Relay for Life: Community comes together to fight cancer

Staff photo by Adam Urquhart Helen Matsis and Geralyn Plomitallo loop the track at Nashua High School North during the Relay For Life of Greater Nashua Saturday afternoon.

NASHUA – Hundreds came together for the same cause on Saturday, fighting to raise funds for cancer treatment, research and diagnostics at the Relay For Life of Greater Nashua.

“Relay For Life is an event that’s part of the American Cancer Society, and what we do is we fundraise, but we also educate, assist members in the community who are going through cancer, cancer treatments, up to and including driving them to and from their treatments,” said Tracy McGraw, volunteer lead.

She said they also help with other kinds of things, such as wigs and some of the more simpler things people don’t typically even think about.

“The primary amount of our money, the fundraising, goes toward treatment, research and diagnostics in the hopes that a year from now things will be even better than they are now, as far as cancer research and cancer treatments,” McGraw said.

She said more 100 people registered as teams for the relay, with some teams consisting of family and friends and others of sponsors. The idea is to have at least one person from each team walking at all times during the 12 hours the event ran. From 11 a.m. to 11 p.m. walkers lapped the track at Nashua High School North with a sense of fellowship and unity in the fight against cancer.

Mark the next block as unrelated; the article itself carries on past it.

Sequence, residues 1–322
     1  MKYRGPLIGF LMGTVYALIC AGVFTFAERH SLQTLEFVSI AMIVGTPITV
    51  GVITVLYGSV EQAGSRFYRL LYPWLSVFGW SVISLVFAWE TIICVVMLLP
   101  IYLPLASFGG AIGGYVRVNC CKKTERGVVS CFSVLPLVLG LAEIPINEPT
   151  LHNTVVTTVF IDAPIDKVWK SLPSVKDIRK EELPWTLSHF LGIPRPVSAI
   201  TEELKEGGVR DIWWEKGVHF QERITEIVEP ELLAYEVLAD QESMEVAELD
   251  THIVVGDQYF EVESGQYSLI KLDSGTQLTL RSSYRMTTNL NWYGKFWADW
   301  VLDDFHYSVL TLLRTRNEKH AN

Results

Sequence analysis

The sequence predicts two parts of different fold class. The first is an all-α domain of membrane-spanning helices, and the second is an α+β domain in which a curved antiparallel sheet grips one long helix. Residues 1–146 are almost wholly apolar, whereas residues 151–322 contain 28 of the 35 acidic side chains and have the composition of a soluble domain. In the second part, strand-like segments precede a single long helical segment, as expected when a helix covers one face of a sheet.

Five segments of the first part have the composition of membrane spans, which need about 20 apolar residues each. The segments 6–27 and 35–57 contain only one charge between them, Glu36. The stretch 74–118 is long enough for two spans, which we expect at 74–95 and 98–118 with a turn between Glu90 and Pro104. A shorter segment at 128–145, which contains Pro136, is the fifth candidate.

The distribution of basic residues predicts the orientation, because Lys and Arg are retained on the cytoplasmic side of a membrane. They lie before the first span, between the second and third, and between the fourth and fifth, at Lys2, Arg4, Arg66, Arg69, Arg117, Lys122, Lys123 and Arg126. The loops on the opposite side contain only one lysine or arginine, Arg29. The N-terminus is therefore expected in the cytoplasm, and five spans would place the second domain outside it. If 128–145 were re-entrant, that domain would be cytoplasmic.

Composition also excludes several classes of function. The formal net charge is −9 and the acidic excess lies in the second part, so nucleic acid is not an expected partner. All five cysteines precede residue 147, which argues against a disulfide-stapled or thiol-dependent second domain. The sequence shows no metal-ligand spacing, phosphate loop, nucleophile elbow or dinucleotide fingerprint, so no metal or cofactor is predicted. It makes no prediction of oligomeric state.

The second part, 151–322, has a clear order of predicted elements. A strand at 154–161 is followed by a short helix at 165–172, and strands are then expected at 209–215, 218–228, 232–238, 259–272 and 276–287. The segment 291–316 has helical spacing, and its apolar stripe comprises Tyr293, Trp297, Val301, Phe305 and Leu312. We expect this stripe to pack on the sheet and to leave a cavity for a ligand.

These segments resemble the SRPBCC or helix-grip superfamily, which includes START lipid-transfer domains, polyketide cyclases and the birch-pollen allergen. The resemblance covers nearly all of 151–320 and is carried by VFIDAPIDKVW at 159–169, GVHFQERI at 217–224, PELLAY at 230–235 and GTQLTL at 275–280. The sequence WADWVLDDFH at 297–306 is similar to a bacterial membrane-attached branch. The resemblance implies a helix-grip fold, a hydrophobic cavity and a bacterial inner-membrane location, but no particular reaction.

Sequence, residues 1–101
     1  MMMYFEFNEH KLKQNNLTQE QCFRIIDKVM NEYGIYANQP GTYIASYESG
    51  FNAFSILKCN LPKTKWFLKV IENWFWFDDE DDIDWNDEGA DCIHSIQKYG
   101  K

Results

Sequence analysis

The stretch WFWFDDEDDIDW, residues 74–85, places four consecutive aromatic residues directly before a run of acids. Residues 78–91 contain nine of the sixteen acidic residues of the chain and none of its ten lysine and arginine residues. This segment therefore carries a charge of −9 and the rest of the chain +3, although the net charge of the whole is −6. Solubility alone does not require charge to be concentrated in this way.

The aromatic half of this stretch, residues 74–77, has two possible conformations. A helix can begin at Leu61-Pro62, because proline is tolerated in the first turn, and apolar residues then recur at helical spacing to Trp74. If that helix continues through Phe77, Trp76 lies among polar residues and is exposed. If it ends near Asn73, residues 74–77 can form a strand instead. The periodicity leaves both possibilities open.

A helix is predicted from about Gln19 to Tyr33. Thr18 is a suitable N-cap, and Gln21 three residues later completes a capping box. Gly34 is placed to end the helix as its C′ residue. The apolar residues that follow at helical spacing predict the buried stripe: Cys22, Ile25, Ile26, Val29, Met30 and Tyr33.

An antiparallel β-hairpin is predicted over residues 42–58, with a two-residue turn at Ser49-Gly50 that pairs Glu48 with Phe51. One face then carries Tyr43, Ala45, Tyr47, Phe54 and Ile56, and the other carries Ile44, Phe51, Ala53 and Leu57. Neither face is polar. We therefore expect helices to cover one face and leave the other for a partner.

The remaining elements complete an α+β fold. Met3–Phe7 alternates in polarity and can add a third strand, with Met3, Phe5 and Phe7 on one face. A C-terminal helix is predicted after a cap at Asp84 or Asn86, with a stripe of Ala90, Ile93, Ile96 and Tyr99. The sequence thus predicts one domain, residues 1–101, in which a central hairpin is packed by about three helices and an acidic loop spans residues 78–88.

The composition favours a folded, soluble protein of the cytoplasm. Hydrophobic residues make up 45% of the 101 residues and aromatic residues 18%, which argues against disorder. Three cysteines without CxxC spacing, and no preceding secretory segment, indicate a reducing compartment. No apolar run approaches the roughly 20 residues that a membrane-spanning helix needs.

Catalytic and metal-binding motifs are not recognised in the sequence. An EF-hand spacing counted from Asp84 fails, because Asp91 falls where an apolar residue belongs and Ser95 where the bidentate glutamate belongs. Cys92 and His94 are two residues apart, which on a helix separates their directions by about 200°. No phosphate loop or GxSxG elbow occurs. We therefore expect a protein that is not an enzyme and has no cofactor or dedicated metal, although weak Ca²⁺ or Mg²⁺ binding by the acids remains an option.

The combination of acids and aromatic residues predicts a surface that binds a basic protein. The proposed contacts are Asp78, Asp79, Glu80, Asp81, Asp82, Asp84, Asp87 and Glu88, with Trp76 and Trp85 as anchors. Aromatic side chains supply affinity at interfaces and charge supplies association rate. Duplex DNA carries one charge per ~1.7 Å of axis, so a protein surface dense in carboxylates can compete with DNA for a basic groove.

Staff photo by Adam Urquhart The ‘A Wee Bit of Hope’ team went all out with their costumes at the Relay For Life of Greater Nashua at Nashua High School North Saturday. Beth Haynes, Scarecrow; Roger Haynes, Tin Man; Allison Scherer, Lion; ‘husband of Glinda,’ Dorothy; Mae Hoke, Glinda; Cathi Webster, Wicked Witch; Dr. Alex Hopke, flying monkey; and Jayne Girouard, Wizard of Oz all stand together for a team picture.

“The purpose is really to sit and think about what you’ve been through, what your family has been through, the long road of recovery and the fact that, eventually, you are going to get better, and that we are all here in this together,” McGraw said. “Nobody is alone.”

When she last checked early Saturday morning, $49,000 had been raised, not factoring in sponsorship money. She said at 9 p.m., the lights went down and a bagpiper from the New Hampshire Police Association Pipes and Drums played as part of their Luminaria event.

In reference to that, McGraw said, “We’re just all here together. We’re all here to fight for the same reason so nobody has to hear those words again.”

Adam Urquhart can be reached at 594-1206 or aurquhart@nashuatelegraph.com.